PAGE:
From the explanations given above, it’s apparent that there are several factors that make the two btc initiatives to eth different, although with some kinds of basic similarities.
Currency and Platform
Bitcoin was designed to accomplish one function: allow people to send money to one another without the use of a central authority. Bitcoin is widely recognized as the most viable alternative to existing currencies, as well as a medium of exchange and a store of value.
Ethereum, on the other hand, works differently because it is a platform that uses its native currency, Ether, to run applications and programmable contracts known as smart contracts.
As a result, rather than functioning exclusively as a store of value, Ethereum can do a lot of things well. Although Ether can be used as a digital currency, it is not its primary function. The Ethereum platform was created to monetize smart contracts and dApps.
Proof-of-Work (PoW) is the consensus method used on the Bitcoin blockchain, and it necessitates the use of processing power to solve a challenging but random problem in order to keep all nodes in the network transparent. Bitcoin, as the first blockchain, aimed to eliminate third-party influence over financial systems, which was commonly exercised by large banks or governments.
Ethereum has employed PoW since its inception, but it is planning to switch to PoS. This was always the intention because PoS requires far less energy and allows for the implementation of novel scaling techniques.
To become a validator in Ethereum’s proof-of-stake system, you must first put up 32 ether (currently worth roughly $57,000). If you don’t have that amount, which many people don’t, you can join a staking service where everyone serves as a validator at the same time.
Bitcoin’s network can only execute 7 to 10 transactions per second, which makes it slower than the bulk of other blockchain networks, including Ethereum. This is because Bitcoin blocks are only produced every 10 minutes on average, and each block can only contain a restricted number of transactions.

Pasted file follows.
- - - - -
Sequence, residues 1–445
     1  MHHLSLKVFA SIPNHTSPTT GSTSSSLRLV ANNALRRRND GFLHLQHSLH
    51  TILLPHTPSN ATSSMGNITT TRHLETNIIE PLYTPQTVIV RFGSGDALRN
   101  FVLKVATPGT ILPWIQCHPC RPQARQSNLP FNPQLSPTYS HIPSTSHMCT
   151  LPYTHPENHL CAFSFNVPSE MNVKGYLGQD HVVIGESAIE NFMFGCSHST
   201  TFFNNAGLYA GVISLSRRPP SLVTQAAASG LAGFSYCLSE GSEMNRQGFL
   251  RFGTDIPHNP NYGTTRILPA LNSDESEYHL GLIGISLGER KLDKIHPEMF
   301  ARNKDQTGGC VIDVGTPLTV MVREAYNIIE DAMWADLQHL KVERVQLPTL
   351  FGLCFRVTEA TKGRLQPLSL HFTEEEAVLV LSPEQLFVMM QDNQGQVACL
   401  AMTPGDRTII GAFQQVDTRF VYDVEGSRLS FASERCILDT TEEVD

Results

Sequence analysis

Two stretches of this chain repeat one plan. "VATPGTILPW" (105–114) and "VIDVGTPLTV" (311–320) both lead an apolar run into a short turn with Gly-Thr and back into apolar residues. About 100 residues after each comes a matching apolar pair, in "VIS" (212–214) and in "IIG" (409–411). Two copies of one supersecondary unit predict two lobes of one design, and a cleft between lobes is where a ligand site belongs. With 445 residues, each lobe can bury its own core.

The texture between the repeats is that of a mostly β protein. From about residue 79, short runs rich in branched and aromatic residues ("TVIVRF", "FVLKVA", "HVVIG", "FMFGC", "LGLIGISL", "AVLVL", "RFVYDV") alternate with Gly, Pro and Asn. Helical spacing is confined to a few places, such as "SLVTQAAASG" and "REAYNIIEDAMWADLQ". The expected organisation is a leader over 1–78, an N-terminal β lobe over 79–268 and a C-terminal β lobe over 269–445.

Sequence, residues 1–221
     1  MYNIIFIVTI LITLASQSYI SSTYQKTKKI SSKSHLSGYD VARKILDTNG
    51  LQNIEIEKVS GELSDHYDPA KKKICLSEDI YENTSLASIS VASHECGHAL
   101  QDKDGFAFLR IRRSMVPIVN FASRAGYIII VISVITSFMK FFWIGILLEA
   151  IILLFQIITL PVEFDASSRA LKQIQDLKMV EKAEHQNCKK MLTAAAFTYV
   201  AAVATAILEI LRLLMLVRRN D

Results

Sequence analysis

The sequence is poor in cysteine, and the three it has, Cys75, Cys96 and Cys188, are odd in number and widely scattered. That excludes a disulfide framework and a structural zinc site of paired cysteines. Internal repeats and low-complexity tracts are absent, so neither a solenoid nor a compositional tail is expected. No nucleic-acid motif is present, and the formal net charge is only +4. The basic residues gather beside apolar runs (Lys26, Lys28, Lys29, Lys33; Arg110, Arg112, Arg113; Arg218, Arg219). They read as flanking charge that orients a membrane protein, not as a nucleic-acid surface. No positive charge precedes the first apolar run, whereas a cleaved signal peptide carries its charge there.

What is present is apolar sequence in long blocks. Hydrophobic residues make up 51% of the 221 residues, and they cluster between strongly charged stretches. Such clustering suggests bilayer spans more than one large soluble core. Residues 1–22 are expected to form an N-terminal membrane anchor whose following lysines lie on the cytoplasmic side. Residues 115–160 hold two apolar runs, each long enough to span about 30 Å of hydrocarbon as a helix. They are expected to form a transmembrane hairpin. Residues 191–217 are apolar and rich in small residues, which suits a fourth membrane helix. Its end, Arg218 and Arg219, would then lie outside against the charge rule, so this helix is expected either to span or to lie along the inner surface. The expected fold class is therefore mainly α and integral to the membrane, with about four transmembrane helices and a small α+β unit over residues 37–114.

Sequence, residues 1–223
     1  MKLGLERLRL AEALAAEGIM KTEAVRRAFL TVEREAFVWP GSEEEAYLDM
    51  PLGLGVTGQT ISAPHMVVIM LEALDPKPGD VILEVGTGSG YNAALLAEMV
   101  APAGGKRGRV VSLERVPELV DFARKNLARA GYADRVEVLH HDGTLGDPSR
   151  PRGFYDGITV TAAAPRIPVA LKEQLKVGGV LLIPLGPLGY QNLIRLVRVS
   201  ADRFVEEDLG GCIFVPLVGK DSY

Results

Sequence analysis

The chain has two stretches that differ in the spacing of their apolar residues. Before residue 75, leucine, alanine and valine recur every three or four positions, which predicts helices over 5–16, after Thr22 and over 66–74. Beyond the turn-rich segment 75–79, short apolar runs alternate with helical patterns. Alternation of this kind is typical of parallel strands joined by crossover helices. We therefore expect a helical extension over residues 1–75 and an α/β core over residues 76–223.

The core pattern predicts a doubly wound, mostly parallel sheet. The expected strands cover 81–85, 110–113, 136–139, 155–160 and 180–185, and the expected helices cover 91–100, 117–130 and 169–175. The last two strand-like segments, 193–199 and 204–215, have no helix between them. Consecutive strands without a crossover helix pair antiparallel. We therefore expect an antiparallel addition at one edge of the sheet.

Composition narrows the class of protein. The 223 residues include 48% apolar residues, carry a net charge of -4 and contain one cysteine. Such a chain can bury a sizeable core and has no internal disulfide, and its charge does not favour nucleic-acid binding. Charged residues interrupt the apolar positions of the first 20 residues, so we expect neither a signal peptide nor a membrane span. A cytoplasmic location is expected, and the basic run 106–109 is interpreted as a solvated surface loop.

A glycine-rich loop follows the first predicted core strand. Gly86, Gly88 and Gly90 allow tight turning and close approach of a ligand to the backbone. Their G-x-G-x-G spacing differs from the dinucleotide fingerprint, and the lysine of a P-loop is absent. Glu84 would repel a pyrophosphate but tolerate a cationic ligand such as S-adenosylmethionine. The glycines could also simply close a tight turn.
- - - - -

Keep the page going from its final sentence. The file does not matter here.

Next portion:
The Ethereum network, on the other hand, can handle up to 30 transactions per second, with Ethereum 2.0 promising up to 100,000 transactions per second when it launches. The implementation of shard chains will be used to achieve this increase.
The time it takes to mine a transaction block is referred to as block time. There is an expected block time and an average block time in both the bitcoin and Ethereum blockchains. The expected block time for bitcoin is 10 minutes, while Ethereum’s is between 10 and 20 seconds.
Both Bitcoin and Ethereum are approaching their capacity limits and need solutions to assist them in handling additional users because the number of people using both blockchains is increasing over time. When demand for block space exceeds what both networks can handle, transaction costs on both networks rise.
The fundamental distinction between Ethereum and Bitcoin, however, is that Ethereum is programmable. Ethereum’s reach is broadened by this functionality, making it more than just a digital currency. It transforms Ethereum into a platform for financial services, gaming, and applications.